Interview with Sara Zarr


About the Author: Sara Zarr is the acclaimed author of six novels for young adults, most recently Gem & Dixie. She’s a National Book Award finalist and two-time Utah Book Award winner. Her books have been variously named to annual best books lists of the American Library Association, Kirkus, Publisher’s Weekly, School Library Journal, the Guardian, the International Reading Association, the New York Public Library and Los Angeles Public Library, and have been translated into many languages. Her first book, Story of a Girl, was made into a 2017 television movie directed by Kyra Sedgwick.

Find Sara Zarr on the following platforms:

Thank you Sara Zarr for taking some time to talk with us about her publishing career and the publishing process as a whole.

Julia Shelton: On average, how long does it take you to complete a novel?

Sara Zarr: It’s difficult to know, exactly. Because I’m in a place in my career where I work with an editor and publisher at very early stages, there’s a lot of wait time that goes on. I’d say I can get to the point I’m willing to show it to my editor for the first time in maybe 6-12 months, depending what else is going on.

JS: What do you think are some of the realities of being an author that a lot of aspiring authors don’t consider? Were there some aspects of the business that surprised you when you first started out?

SZ: I think there’s a general assumption that there is more money and fame going on than there really is. If you follow all the big YA writers on social media, for example, you could be under the impression that most books hit some kind of bestseller list or get awards and the ones that don’t have failed in some way. The truth is that most books don’t hit these marks. That doesn’t mean the book is a failure or you are not a good writer. Most writers continue working day jobs, plug along with moderate sales and medium advances, and that in itself is a worthy goal.

JS: What did the publishing process look like for you in the beginning? Did you find an agent first or did you send query letters to publishers?

SZ: I always focused my attention on finding the right agent. I don’t have the temperament or knowledge to negotiate contracts, etc. I cold-queried agents until I found one that wanted to represent me.

JS: How do your characters come to you? Are they born Athena-style as a grown human being or do you sometimes get only a name or a vague character description and then the pieces come together over time as you continue writing?

SZ: I’ve experienced both. I prefer the former! But usually, it’s the latter.

JS: In Gem & Dixie, you do such a good job of getting into the mindset of an older sibling who has been forced into a parental role. How did you tap into the anxieties and frustrations of an older sibling with those responsibilities?

SZ: Thank you. In real life, I’m the younger sibling, but unlike Dixie, I was always very aware of the ways both my sister and I were taking care of ourselves in the absence of ideal parenting.

JS: Do you ever doubt your writing ideas in the beginning? What advice do you have for readers to keep them from getting discouraged and to power through the self-doubt?

SZ: I still doubt my writing all the time. Whatever work you can do in letting go of perfectionism is helpful. Writing is a process of trial and error, and failure is a key component of all of that. I do think that when you’re starting out, especially, it’s important to train yourself to finish a first draft even if you’re uncertain about the idea or where it’s going. You don’t want to keep dropping ideas before they’re finished and never learn what happens when you get to the end.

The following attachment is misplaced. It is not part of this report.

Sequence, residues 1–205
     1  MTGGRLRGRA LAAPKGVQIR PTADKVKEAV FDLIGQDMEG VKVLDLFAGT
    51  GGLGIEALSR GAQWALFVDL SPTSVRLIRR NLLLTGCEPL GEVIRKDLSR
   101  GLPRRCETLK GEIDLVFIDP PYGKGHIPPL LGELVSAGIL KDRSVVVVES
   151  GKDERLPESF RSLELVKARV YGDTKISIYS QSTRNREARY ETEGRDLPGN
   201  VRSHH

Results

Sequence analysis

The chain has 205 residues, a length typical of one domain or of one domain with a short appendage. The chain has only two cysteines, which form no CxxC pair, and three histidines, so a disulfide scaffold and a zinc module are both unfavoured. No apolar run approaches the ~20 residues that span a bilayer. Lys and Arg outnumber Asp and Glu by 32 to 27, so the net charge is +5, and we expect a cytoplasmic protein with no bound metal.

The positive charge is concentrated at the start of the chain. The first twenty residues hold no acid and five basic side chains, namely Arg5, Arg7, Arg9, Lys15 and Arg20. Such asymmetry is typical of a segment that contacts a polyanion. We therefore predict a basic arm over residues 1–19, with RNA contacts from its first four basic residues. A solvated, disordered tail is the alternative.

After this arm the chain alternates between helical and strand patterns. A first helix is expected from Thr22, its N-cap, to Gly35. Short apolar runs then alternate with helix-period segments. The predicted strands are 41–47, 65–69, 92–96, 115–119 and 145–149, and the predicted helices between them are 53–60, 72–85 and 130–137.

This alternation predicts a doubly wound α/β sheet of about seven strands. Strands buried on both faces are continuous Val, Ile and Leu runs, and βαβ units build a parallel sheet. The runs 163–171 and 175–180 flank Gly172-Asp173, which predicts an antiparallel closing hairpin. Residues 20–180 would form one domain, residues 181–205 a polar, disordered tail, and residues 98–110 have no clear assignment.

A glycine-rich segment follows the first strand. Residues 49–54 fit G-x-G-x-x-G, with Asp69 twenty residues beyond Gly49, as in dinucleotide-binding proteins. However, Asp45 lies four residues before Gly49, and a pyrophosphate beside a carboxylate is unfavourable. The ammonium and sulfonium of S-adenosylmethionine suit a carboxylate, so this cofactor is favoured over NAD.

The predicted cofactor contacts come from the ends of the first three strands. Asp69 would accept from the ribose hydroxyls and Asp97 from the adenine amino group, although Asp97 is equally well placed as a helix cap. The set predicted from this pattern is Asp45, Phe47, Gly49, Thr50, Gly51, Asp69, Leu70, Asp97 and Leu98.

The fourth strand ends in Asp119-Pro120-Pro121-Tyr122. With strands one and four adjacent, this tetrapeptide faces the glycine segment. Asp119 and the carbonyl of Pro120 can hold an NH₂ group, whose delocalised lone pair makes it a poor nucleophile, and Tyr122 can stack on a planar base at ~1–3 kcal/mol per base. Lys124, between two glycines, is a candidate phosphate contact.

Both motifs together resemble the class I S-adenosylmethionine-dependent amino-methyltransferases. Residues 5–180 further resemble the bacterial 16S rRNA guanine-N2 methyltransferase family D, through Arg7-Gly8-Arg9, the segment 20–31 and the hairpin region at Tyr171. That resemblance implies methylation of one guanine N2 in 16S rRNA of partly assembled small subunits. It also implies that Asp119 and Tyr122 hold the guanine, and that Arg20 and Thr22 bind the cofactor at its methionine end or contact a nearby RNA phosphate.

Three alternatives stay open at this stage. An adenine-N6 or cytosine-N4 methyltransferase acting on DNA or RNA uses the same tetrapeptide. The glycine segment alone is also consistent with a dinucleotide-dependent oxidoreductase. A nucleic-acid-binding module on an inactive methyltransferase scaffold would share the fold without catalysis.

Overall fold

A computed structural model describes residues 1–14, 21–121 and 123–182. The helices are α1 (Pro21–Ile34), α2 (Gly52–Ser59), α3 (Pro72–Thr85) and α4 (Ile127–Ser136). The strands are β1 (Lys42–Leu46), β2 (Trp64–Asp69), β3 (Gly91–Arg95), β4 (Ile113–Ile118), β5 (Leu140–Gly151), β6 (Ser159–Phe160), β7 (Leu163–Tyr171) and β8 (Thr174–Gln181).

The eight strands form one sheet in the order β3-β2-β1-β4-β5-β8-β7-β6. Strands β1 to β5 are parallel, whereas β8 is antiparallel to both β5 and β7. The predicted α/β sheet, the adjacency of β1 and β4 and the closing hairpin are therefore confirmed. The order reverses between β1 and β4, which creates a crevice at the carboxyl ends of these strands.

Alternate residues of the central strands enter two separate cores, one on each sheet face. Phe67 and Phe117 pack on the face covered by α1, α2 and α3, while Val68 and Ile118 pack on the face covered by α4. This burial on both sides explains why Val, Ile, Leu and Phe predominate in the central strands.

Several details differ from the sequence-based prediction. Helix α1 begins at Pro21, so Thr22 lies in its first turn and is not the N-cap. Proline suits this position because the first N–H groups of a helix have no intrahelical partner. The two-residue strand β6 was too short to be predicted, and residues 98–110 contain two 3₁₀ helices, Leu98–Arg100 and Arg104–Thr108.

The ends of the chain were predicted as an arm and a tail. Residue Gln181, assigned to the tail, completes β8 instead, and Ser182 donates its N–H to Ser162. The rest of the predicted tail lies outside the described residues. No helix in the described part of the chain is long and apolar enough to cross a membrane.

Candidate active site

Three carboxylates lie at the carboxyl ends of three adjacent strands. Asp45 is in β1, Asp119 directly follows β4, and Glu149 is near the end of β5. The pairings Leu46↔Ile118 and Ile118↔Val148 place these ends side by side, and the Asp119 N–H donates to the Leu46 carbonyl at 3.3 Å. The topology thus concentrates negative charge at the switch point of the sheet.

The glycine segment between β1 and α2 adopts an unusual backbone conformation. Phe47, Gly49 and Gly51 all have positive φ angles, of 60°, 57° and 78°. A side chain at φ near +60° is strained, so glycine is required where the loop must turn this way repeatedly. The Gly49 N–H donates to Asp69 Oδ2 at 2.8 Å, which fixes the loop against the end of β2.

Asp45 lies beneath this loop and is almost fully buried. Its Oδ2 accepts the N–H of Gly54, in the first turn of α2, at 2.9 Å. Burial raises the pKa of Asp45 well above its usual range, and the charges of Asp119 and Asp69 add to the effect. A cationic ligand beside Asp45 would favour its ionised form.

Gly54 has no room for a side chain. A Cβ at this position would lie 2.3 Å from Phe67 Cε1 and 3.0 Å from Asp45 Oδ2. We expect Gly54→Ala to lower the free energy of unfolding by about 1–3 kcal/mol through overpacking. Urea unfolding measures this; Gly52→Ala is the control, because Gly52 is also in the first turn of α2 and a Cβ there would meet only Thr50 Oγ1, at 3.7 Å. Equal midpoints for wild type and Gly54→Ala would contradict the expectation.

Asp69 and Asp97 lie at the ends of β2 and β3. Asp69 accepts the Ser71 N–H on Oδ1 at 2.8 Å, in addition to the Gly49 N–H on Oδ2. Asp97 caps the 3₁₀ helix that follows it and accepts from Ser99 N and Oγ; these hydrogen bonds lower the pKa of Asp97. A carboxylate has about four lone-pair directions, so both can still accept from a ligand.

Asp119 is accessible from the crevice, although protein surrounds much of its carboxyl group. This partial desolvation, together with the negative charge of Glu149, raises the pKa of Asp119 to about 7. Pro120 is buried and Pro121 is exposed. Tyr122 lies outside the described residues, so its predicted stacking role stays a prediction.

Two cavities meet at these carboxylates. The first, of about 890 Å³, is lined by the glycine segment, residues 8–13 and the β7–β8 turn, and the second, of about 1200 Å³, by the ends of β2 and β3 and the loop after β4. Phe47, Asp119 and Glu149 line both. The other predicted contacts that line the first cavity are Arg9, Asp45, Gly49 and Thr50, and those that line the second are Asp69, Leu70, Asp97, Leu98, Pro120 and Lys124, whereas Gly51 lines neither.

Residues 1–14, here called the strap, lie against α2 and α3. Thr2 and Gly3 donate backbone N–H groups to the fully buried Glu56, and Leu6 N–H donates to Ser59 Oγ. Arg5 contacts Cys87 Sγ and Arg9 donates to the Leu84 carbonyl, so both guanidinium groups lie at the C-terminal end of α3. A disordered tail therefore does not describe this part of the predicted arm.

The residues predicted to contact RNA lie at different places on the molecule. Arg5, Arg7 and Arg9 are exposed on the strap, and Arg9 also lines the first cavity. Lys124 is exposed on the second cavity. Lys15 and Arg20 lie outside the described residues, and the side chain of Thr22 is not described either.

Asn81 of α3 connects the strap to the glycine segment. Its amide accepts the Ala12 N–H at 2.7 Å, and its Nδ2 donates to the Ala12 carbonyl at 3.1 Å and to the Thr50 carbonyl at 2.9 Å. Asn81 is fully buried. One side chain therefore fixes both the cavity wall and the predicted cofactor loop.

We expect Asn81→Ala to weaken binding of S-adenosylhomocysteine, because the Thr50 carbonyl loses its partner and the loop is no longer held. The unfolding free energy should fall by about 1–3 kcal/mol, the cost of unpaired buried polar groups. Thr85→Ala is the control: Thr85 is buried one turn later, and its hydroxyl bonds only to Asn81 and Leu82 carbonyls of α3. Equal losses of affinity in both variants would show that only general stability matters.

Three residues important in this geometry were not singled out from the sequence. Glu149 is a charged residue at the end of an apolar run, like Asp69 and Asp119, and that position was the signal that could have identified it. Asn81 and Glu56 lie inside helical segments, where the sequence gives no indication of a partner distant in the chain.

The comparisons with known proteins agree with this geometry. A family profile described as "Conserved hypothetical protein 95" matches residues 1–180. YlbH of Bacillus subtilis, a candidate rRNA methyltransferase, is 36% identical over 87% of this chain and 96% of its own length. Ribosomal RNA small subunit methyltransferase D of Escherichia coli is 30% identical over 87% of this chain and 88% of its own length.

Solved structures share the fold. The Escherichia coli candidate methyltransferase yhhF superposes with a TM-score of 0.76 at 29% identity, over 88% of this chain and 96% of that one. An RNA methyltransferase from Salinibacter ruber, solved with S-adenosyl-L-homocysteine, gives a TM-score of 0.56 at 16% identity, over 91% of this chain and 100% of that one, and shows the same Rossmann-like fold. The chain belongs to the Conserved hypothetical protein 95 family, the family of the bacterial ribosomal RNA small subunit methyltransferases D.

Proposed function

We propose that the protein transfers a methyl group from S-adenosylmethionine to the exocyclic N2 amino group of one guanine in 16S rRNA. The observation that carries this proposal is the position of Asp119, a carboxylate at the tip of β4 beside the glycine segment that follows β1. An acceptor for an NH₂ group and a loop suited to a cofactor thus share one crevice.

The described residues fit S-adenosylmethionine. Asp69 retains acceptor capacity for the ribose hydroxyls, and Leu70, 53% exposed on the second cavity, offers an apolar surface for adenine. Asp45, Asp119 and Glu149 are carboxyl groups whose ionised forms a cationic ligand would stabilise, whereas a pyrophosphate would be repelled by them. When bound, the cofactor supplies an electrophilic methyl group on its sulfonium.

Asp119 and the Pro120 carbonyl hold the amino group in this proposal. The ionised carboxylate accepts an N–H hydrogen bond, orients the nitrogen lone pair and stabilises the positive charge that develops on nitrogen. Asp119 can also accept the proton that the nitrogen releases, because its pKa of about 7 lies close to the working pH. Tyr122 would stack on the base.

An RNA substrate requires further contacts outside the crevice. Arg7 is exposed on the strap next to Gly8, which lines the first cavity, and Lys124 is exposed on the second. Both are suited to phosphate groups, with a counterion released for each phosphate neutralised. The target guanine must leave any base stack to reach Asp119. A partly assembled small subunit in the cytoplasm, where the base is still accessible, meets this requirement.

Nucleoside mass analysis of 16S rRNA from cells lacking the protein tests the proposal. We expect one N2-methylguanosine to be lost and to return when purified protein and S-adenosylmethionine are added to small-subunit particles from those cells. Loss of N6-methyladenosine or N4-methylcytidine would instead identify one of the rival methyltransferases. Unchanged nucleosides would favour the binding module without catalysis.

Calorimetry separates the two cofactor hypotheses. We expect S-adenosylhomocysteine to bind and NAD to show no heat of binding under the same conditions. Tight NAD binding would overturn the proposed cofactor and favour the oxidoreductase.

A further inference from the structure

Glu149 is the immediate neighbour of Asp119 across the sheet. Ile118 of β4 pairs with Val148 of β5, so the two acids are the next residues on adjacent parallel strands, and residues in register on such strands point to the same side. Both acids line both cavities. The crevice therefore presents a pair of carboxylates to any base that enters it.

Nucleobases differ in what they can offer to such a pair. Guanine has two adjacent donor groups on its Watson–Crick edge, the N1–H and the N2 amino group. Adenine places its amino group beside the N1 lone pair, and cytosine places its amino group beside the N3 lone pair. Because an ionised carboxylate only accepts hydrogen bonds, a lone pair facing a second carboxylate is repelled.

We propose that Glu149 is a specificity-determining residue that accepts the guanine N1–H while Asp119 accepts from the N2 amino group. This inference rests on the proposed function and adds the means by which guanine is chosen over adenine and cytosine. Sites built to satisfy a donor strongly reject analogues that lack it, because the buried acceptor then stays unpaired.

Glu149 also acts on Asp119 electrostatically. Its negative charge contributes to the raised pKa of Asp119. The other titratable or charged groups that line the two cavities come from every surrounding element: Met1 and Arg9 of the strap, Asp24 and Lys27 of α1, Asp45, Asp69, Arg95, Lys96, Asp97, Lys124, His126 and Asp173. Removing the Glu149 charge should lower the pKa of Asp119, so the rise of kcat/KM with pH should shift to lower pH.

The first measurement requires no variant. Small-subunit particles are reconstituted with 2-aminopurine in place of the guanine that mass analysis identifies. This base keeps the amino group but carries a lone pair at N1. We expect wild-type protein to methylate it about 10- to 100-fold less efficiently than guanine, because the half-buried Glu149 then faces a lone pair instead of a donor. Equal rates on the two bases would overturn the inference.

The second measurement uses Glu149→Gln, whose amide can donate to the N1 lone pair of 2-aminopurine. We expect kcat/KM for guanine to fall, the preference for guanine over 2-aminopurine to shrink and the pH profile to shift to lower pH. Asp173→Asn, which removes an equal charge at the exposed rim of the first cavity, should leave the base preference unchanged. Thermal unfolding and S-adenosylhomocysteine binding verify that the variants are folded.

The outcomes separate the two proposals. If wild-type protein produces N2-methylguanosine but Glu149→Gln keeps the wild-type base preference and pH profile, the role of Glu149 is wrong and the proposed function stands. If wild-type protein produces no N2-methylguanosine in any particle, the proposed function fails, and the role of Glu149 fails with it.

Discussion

JS: Do you have a strict schedule for writing or whatnot or does it change day-to-day?

SZ: It changes day to day. I try to have at least 2-3 days in a given week on which long chunks of writing time can happen. On other days I do errands and little stuff, answer emails, life, etc. I would never describe any schedule I have as “strict,” though. Strictness is not my thing!

JS: You’ve created complex girls whose lives are all at a crossroads. Their lives won’t be the same as your novels go on. Are these girls inspired by people you know to get into the teenage mindset?

SZ: All my characters start with my own life and experiences and observations, or come from imagination. None of them are based on real people, other than a detail here or there. I don’t think about getting into the “teenage mindset” because I don’t think there is such a thing! Every teenager is different. I think it’s more important to tap into your own emotions and experiences at every stage of life.

JS: Who are your author inspirations? Are there any books/characters that you read as a teen that influenced you?

SZ: I was a teenager in the 1980s, and Robert Cormier’s The Chocolate War was a big influence, as were all his books. Or course Judy Blume, M.E. Kerr, and Chris Crutcher. Laurie Halse Anderson’s Speak was also a benchmark around the time I was getting serious about writing my own books.

JS: What do you find the hardest to write and how do you overcome that?

SZ: Everything is kind of difficult. Plot presents challenges, as far as how my imagination works. The hardest thing always is just pushing through resistance to start working at all. After about 15 minutes, I’m good to go and can problem-solve all that other stuff.

JS: What do you think is the best way for an aspiring author to grow in their writing?

SZ: The old cliched answer holds true: reading a lot and writing a lot.

JS: What do you have in store in the coming years?

SZ: Next year, the paperback for Gem & Dixie will come out, and I also have an essay in an anthology called “Life Inside My Mind” in which a bunch of writers talk about their own mental health issues. Both will be out in spring. No new novels from me until 2019!

PRR Writer, Julia Shelton